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Freelancers Win Free Publicity

Photography: Axel V

Advertising pays, but it also costs. The days when you could place an ad on AdWords and win a front-page spot for five cents a click are long gone. For freelancers in particular, the Web’s most important advertising channel is now far from a budget option. Target the phrase “freelance Web designer,” for example, and you can expect to pay as much as $3.39 for a click. Writers have it slightly easier: “freelance writer” costs just $1.43 per click but “freelance” anything is $1.50. Publicity though is free, and a write-up in a newspaper — or even a website — delivers benefits that go beyond the name recognition and link that paid advertising brings. It also turns the professional mentioned into an expert, gives them a brand and makes them the first choice when a reader needs the service they’re offering. It’s just a lot harder to win than an advertising slot.

The method is the press release, usually a single page containing a headline, a story idea, a quote and contact information. And usually it fails. Press release distribution agencies like PRWeb don’t release figures that reveal the success rate of their submissions. That’s a good sign that the figures are low but a better indication that most releases miss may be the quality of the unreviewed releases placed on the site. Most of the press releases issued through PRWeb by freelancers appear to be pushing not services or even news about freelancing that can turn the freelancer into an expert, but products, especially ebooks, written by freelancers about freelancing. Those aren’t the sorts of announcements that the media tends to want unless they’re appearing on the advertising pages.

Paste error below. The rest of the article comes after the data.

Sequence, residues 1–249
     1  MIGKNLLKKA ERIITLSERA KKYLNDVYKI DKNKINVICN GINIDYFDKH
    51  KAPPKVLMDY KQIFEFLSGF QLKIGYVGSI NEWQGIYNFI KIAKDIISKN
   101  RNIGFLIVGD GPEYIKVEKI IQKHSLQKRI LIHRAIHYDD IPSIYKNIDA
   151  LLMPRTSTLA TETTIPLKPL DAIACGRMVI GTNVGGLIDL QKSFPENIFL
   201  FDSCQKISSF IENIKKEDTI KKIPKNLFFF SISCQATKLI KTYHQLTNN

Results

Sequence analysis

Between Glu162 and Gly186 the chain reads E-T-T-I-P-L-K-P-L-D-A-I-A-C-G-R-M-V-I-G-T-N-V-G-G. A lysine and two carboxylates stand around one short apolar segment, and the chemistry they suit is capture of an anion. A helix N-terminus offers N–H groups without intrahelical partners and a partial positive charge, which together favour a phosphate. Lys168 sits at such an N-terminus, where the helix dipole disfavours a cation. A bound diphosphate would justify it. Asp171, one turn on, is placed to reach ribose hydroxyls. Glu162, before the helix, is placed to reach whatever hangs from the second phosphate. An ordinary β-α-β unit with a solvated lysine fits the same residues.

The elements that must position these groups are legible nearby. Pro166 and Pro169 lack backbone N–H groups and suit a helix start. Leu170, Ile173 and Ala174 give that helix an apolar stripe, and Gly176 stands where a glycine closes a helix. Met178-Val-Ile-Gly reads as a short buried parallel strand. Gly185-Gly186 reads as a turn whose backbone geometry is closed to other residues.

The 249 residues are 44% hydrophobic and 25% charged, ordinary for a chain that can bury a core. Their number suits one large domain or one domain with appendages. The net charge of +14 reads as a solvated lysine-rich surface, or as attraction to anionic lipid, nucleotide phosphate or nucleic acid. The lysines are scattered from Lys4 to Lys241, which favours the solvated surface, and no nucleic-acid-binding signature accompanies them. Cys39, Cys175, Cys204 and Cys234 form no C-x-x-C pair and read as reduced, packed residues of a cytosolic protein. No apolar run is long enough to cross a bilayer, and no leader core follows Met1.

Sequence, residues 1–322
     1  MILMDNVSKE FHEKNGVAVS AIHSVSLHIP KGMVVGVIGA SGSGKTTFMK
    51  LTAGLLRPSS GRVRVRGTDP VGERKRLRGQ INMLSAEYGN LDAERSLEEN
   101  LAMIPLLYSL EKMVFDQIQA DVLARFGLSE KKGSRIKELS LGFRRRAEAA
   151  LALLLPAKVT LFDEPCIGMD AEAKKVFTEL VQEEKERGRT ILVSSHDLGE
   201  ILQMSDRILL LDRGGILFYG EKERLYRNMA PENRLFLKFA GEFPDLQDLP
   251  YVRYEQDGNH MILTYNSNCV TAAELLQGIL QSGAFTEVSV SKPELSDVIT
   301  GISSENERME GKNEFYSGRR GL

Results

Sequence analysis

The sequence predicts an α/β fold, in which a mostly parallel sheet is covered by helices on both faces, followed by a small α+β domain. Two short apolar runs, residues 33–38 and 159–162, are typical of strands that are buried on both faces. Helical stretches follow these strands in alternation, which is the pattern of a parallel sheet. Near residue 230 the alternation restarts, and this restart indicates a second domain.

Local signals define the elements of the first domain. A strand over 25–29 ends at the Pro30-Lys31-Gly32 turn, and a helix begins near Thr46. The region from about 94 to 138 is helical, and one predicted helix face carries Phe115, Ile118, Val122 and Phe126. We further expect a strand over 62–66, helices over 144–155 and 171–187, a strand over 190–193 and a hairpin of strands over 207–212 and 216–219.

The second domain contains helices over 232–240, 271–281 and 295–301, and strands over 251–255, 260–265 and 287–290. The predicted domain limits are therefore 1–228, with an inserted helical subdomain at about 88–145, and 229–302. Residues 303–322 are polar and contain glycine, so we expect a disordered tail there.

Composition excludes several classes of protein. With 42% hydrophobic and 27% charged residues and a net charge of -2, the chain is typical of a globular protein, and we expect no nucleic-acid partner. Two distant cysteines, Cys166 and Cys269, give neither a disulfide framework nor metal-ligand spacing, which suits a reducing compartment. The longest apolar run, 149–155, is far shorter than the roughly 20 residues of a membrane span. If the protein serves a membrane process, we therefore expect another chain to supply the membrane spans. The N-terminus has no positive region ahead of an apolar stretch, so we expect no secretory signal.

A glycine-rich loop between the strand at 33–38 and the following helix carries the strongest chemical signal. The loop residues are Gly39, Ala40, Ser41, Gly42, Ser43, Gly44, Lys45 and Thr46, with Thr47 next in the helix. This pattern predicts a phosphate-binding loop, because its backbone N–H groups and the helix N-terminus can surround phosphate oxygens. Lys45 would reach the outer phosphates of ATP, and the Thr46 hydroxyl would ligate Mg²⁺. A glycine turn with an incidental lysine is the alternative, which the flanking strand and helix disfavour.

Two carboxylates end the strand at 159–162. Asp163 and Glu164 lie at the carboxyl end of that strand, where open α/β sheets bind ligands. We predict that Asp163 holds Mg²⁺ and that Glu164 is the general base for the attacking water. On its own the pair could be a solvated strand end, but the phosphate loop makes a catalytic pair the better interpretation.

The Media Wants Your News

And the media does want press releases. According to Nick Davies, a former journalist and author of Flat Earth News, an exposé of the media, when the Columbia Journalism Review examined one edition of the Wall Street Journal, the publication found that more than half the news stories in the paper were based entirely on press releases. These, Davies says, “were printed ‘almost verbatim or in paraphrase.’”

Press releases then can work. They can put companies in the news. But they have to be done properly.

Rather than examine the press releases that failed, a better way to understand the stories that the press wants to write about freelancers is to look at the reports that journalists have actually written about them. Very few of these are about freelancing itself. Instead, they tend to focus on events that feature freelancers.

Charity stories are one example. Kris Dreessen, a freelance photographer and writer, won a profile on the Gannett-owned DemocratandChronicle.com that discussed not her writing nor her images but the charitable work she does while traveling: distributing cameras and anti-mosquito screens in South America. The article included the address of her website, sending visitors to her blog. Some of those visitors are likely be the kind of buyers interested in stories and images about exotic locations. They now know that Kris Dreessen likes to visit those areas and is experienced in traveling through them.